Tag Archives | Therapeutic State

Plato and Voltaire on Vaccination

Voltaire on vaccination is right here. The Plato angle is a bit more complicated.

In Plato’s Laches, the question arises as to the relationship of courage (and by extension, virtue generally) to risk. On the one hand, the courageous person is supposed to be admirable, and so would not take foolish risks; thus being guided by wisdom seems built into the notion of courage. On the other hand, the riskier an action is, the more courage it takes to do it; the wiser you are, the better able you are to reduce your risks, making courage more useful to the less wise. So does greater risk correlate with more courage or less courage?


Plato’s solution, as I read the dialogue, is to distinguish two kinds of wisdom (or expertise): technical expertise, which involves knowing how to reduce one’s risks, and ethical expertise, which involves knowing which risks are worth taking. Plato goes on to illustrate the distinction by asking whether physicians, by being experts on health and disease, are thereby experts on what is worth hoping for and worth fearing (given that health is worth hoping for and disease worth fearing). Plato’s answer (again, as I read him) is that while being a physician makes you an expert on what will cure you, it does not make an expert on whether you are better off being cured or at what cost.

Plato’s distinction is one that is being lost in the current debate about vaccination, as the two kinds of expertise are being persistently conflated. One of the issues under debate is what the benefits and risks of vaccination actually are, in terms of quantified probabilities; that is a medical issue. A different issue under debate is whether, for any given probability assessment of benefits and risks, the benefits are worth the risks; that is not a medical issue, and having medical or other scientific training gives one no special insight into it.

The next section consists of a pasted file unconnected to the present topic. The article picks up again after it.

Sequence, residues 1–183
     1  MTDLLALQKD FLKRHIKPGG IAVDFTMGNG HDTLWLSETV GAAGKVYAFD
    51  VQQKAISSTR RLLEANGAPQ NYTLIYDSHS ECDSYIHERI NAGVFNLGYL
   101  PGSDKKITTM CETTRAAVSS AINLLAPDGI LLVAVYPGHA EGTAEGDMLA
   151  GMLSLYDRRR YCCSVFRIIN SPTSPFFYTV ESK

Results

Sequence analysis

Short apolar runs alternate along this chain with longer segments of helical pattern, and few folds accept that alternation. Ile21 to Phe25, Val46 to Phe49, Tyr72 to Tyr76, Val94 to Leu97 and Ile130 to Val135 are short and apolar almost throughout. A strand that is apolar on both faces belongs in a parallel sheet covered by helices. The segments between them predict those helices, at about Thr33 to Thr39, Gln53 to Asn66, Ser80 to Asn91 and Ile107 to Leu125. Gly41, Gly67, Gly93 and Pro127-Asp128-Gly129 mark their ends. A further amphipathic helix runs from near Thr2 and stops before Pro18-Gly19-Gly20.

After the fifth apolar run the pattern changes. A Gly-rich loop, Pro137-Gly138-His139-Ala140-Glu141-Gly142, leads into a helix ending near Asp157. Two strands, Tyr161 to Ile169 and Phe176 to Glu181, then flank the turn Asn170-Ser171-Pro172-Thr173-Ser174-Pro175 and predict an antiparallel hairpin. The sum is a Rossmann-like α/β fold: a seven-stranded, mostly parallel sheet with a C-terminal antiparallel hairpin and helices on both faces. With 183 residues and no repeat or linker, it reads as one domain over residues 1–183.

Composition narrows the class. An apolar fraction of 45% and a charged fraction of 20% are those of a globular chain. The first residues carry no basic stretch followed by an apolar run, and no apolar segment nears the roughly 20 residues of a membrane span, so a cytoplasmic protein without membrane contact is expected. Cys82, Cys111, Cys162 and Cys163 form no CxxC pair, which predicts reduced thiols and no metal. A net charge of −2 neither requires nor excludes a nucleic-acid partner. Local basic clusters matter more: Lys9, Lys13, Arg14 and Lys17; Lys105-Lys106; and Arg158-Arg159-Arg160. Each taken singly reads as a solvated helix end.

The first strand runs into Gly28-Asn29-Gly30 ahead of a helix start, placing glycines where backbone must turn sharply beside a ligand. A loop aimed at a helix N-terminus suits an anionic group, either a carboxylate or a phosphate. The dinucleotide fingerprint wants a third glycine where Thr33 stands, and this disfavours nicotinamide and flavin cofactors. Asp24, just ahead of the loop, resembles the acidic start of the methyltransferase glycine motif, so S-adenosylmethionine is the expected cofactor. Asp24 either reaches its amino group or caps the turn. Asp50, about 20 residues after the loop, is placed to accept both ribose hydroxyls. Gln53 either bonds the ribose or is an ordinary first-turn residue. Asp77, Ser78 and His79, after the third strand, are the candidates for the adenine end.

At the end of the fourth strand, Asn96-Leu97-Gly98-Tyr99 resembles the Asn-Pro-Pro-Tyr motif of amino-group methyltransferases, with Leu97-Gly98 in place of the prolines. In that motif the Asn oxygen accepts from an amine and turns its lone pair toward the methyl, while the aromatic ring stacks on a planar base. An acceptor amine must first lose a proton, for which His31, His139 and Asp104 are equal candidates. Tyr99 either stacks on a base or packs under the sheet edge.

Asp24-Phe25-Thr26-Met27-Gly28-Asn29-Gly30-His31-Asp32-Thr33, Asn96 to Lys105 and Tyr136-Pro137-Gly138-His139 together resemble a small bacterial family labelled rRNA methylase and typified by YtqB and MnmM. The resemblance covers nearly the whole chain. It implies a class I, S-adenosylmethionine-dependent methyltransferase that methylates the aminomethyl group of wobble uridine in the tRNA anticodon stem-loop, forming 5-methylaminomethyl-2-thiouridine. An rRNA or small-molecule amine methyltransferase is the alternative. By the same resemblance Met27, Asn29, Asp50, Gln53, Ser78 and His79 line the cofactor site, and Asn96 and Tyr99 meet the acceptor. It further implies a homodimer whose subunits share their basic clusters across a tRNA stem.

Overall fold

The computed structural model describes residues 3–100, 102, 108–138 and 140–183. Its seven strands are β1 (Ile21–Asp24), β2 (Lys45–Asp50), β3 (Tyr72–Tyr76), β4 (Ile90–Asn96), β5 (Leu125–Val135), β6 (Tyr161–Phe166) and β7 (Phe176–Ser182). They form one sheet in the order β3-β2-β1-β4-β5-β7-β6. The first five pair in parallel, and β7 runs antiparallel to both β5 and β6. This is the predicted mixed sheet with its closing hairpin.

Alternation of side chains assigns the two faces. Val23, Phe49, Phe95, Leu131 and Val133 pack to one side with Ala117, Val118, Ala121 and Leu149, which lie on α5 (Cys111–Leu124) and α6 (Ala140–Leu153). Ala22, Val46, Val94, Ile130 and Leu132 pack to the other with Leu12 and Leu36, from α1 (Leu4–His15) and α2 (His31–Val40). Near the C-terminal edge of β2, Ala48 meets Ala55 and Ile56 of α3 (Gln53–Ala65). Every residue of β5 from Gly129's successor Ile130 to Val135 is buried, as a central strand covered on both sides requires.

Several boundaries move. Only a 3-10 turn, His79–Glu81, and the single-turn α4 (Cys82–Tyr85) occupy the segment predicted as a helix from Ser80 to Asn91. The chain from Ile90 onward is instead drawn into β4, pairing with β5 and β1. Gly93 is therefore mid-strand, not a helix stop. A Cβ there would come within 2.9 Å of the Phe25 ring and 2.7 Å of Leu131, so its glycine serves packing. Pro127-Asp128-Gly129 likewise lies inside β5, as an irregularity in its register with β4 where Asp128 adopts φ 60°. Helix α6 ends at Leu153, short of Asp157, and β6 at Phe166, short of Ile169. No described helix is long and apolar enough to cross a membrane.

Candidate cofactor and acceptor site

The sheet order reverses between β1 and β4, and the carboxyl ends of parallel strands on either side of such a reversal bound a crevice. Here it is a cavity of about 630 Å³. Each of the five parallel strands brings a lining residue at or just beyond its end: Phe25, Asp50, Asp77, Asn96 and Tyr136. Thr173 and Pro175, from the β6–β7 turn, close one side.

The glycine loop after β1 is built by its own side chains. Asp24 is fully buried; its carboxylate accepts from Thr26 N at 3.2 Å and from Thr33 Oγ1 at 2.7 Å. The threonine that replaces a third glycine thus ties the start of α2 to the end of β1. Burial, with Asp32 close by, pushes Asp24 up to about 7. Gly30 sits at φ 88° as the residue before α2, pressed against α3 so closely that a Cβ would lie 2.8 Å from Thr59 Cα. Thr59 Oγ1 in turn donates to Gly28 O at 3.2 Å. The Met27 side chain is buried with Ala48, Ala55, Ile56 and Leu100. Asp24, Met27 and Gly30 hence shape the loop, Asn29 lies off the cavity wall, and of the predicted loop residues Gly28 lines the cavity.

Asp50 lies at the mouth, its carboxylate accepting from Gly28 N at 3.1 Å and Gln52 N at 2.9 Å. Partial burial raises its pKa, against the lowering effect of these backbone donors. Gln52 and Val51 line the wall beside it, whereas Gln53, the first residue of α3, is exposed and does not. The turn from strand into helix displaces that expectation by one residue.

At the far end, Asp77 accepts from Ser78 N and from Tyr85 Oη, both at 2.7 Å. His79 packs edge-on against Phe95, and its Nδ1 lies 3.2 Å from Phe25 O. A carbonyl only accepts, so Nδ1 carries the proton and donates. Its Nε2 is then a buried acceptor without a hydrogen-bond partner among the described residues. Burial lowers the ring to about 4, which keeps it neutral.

I’m not offering this distinction as a magic bullet to resolve the political dispute. It’s not as though one type of issue falls within the jurisdiction of the law and the other doesn’t; legal expertise doesn’t automatically carry with it either medical or technical expertise, but on the other hand, applying the law will often require taking a stand on both.

As far as the political issue itself goes, I think a consistent libertarian can forcibly quarantine a Typhoid Mary, but forcibly vaccinating on the basis of a possible future risk of measles is too attenuated, and opens the door to all sorts of regulations to prevent behaviour that poses a slight risk to others (like banning Mein Kampf because people who read it might become Nazis). But of course my position requires taking positions on both the medical and the ethical issues. In any case, the point of this post is not to take a side on the vaccination debate, but just to distinguish two issues that keep getting run together.

Legs Broken, Crutches Distributed

One of the benefits of Obamacare, apparently – as you’ll learn from this piece, if you can make it past “people like you and I” – is that it enables this: